With this draw everything will be settled in the blitz portion of the match!

Nakamura's defense was risky but precise

Aronian pushed hard in his Catalan but couldn't convert this time

GM Norm Tournament

Samuel Sevian continues to rake in points and he sits as the tournament
winner with a round to spare with 7.0/8.

Ronald Burnett hides from his position in the IM-Section

Sammy Shoker had a good day and he is now second with 5.0/8. Also with a successful day grandmaster Ben Finegold is now on "+1" with 4.5/8 and good chances of finishing third. Priyadarshan, who was in clear second yesterday, is now tied for last. That is how quickly things change in round robins!

GM Norm Tournament Standings

Round Seven and Eight - GM Norm

Select from the dropdown menu to replay the games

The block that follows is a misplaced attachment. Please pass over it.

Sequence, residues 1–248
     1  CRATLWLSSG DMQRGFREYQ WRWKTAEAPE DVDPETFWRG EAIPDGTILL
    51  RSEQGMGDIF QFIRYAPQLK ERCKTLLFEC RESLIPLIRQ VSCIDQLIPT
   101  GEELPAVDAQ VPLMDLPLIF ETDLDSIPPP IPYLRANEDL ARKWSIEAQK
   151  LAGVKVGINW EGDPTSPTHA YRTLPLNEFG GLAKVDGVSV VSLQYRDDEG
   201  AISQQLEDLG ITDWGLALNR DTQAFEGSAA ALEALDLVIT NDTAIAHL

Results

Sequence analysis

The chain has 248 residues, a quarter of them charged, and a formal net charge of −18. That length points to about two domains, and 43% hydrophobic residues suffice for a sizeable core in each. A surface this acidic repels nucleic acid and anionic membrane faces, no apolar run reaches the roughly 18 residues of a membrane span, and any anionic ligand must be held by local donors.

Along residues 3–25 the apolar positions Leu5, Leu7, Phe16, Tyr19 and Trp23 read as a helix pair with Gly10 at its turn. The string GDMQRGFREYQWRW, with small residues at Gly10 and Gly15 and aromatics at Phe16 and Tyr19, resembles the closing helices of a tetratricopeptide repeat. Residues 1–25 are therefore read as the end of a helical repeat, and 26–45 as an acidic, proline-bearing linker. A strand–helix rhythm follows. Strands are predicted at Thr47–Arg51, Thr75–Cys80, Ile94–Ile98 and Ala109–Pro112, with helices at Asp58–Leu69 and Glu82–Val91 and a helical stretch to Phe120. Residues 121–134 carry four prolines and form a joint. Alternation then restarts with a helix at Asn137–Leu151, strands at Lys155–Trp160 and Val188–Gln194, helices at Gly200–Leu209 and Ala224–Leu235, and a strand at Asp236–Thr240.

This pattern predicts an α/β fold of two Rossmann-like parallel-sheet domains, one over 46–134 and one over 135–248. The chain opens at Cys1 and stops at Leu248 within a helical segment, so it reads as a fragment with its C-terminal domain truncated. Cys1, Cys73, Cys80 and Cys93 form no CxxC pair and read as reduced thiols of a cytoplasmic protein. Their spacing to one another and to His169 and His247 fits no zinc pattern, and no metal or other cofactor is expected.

Friday, November 21, 2:00 p.m. Classical Round 1
Saturday, November 22, 2:00 p.m. Classical Round 2
Sunday, November 23, 2:00 p.m. Classical Round 3
Monday, November 24, 2:00 p.m. Classical Round 4
Tuesday, November 25, 2:00 p.m. Blitz Round (16 games, one every 15 minutes)


The games are being broadcast live on the official web site and on the chess server If you are not a member you can download a free Playchess client there and get immediate access. You can also use ChessBase 12 or any of our Fritz compatible chess programs.

Grandmaster Alejandro Ramirez has been playing tournament chess since 1998. His accomplishments include qualifying for the 2004 and 2013 World Cups as well as playing for Costa Rica in the 2002, 2004 and 2008 Olympiads. He currently has a rating of 2583 and is author of a number of popular and critically acclaimed ChessBase-DVDs.